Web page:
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Deconstructing the lab rat

How metaphors both reveal and conceal

Koen Beumer 18 January 2010

Caged: more in common than we think?

Why do we talk so easily about ‘lab rats’ when we talk about humans, while using the utmost care when talking about real laboratory rats?

Like most scientists, I always feel a bit uncomfortable when talking about laboratory rats. We all realize that these rats did not voluntarily enter the laboratory. The way we talk about them is telling: whether we call rats ‘raw data’ or ‘companions in research’ makes a difference to how we relate to them, and in the way we would, or rather should, treat them. So we are very careful when talking about real laboratory rats.

On the other hand, we call people working in the laboratory ‘lab rats’ all the time. Why do we talk so easily about ‘lab rats’ when we talk about humans, while using the utmost care when talking about real laboratory rats? Is the reason as self-evident as we assume?

The main difference between ‘lab rats’ and real laboratory rats is of course that when we designate scientists as ‘lab rats’ we use the term metaphorically. Of course we do not think that scientists are small white rodents with red eyes and a long tail; we simply use the term to refer to people working in laboratories who are just like laboratory rats in the way that they relate to their surroundings. When calling scientists by this nickname, we stress that they are so absorbed by their quest for truth that they sometimes become full-time inhabitants of the laboratory – just like rats that are experimented upon.

But metaphors are not all-encompassing. On the one hand, not all of the characteristics the scientist are covered by using the metaphor. When we refer to scientists as ‘lab rats’ we want to highlight the scientist’s persistent presence in the laboratory but not, for example, their tendencies to create incomprehensible models remote from practical solutions. Rats are not associated with this at all, so in that case one could better speak of monkey business.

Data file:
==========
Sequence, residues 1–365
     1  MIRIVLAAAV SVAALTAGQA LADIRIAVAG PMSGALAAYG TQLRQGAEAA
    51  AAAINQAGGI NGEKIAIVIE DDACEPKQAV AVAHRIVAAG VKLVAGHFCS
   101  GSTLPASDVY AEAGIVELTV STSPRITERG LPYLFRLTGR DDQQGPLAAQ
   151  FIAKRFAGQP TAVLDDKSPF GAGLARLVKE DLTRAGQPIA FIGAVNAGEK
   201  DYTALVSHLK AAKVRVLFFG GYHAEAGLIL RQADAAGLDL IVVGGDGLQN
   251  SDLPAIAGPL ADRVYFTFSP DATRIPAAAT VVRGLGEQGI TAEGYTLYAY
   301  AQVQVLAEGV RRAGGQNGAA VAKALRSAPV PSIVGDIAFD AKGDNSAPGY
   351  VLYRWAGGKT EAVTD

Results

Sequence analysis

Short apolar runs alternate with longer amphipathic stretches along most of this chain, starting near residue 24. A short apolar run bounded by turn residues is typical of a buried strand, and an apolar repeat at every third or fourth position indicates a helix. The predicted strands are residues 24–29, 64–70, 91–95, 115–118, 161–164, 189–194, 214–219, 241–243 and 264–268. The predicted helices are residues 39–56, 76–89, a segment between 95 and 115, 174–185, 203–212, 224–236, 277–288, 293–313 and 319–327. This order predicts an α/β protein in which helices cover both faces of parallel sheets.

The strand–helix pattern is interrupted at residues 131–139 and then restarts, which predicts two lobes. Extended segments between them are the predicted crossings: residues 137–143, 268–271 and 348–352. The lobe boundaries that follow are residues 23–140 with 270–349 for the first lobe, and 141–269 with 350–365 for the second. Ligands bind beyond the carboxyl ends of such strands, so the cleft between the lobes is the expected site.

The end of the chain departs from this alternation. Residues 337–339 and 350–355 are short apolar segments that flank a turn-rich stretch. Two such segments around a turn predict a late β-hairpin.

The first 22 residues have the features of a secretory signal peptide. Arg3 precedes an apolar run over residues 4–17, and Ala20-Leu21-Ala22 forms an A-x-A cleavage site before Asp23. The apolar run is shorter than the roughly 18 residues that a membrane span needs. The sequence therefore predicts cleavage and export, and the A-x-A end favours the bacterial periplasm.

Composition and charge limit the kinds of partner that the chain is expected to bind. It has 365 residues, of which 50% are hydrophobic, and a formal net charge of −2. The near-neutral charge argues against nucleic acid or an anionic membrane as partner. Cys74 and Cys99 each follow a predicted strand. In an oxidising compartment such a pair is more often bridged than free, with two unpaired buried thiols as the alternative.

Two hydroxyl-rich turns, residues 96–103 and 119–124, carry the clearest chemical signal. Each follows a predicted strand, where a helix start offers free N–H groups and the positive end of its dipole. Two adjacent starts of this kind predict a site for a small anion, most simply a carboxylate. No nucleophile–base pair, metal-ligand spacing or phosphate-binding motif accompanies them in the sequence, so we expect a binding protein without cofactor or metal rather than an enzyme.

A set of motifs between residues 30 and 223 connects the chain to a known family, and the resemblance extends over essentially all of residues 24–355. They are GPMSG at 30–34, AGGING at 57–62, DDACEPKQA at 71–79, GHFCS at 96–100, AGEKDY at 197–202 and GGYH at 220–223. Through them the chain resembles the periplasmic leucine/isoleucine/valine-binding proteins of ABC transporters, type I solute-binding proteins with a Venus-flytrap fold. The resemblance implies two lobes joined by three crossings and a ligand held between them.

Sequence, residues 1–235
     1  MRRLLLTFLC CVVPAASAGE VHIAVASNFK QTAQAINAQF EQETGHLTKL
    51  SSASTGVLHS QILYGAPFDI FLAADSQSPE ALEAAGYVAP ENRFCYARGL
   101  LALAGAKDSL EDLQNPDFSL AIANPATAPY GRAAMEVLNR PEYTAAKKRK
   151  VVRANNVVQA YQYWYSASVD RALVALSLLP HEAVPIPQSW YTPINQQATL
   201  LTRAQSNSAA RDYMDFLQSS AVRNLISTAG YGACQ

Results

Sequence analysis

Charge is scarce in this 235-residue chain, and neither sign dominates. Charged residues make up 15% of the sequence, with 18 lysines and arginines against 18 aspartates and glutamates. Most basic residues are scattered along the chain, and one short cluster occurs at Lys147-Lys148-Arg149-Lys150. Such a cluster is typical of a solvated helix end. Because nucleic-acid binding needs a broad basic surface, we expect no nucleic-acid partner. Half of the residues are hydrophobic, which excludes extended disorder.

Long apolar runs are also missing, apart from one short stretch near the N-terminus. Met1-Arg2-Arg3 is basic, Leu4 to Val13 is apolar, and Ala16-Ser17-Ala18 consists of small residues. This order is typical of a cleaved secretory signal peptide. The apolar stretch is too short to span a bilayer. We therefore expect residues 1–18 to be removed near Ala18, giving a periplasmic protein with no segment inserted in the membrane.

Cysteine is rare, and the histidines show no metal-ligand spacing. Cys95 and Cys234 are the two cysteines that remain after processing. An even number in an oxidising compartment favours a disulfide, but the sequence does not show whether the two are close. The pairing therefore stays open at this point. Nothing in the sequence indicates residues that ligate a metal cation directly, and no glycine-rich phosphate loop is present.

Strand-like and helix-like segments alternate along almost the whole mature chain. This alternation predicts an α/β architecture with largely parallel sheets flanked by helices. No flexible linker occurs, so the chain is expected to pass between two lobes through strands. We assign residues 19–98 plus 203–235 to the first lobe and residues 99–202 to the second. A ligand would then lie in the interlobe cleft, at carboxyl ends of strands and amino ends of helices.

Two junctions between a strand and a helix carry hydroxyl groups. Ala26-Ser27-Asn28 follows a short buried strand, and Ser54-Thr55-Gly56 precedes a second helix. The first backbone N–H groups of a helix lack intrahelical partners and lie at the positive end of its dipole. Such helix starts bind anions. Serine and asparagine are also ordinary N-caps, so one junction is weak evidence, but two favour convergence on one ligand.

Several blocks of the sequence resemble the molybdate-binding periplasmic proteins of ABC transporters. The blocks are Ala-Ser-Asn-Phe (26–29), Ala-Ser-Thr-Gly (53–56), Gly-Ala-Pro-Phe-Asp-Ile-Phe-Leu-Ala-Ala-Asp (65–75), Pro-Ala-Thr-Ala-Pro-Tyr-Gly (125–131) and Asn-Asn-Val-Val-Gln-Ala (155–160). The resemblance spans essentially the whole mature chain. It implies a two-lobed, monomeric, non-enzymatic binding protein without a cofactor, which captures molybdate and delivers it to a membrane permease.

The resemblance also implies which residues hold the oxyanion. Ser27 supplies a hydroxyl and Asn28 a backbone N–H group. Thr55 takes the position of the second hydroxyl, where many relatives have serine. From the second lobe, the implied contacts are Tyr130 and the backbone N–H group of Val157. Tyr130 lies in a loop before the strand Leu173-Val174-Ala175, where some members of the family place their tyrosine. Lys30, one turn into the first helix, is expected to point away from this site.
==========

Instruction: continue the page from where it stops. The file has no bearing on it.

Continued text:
On the other hand we do not think ‘lab rats’ possess all characteristics of real laboratory rats either. Not all meanings of rats are transferred to scientists. Just as the term does not mean that scientists have red eyes and a long tail, we also do not mean that scientists are involuntarily experimented upon, or that scientists are selectively bred in order to weed out genetic diversity. At a certain point the comparison stops.

And this is where it gets interesting for the laboratory rat as well, for if some of their characteristics are highlighted in using the metaphor, others are necessarily obscured. And this has an effect on the meaning of ‘rats in the laboratory’. By using ‘lab rats’ as a sobriquet to signal the dedication of scientists in the pursuit of knowledge, it underscores the fact that scientists are so dedicated that they would even go as far as to live like a laboratory rat. No attention is drawn either to the rats’ imprisonment nor their scary tail. And so laboratory rats emerge as a revered example, a role model in the pursuit of knowledge.

The uncomfortable feature of laboratory rats which makes us so shy to talk about them – the fact that they are in the laboratory involuntarily – is transformed into a positive sign of dedication! So even though we do not talk about the rats themselves, when calling scientists ‘lab rats’ we give the laboratory rat its due credit. For who can deny that in the case of laboratory science, the greatest sacrifice is made by those about whom we prefer not to speak?

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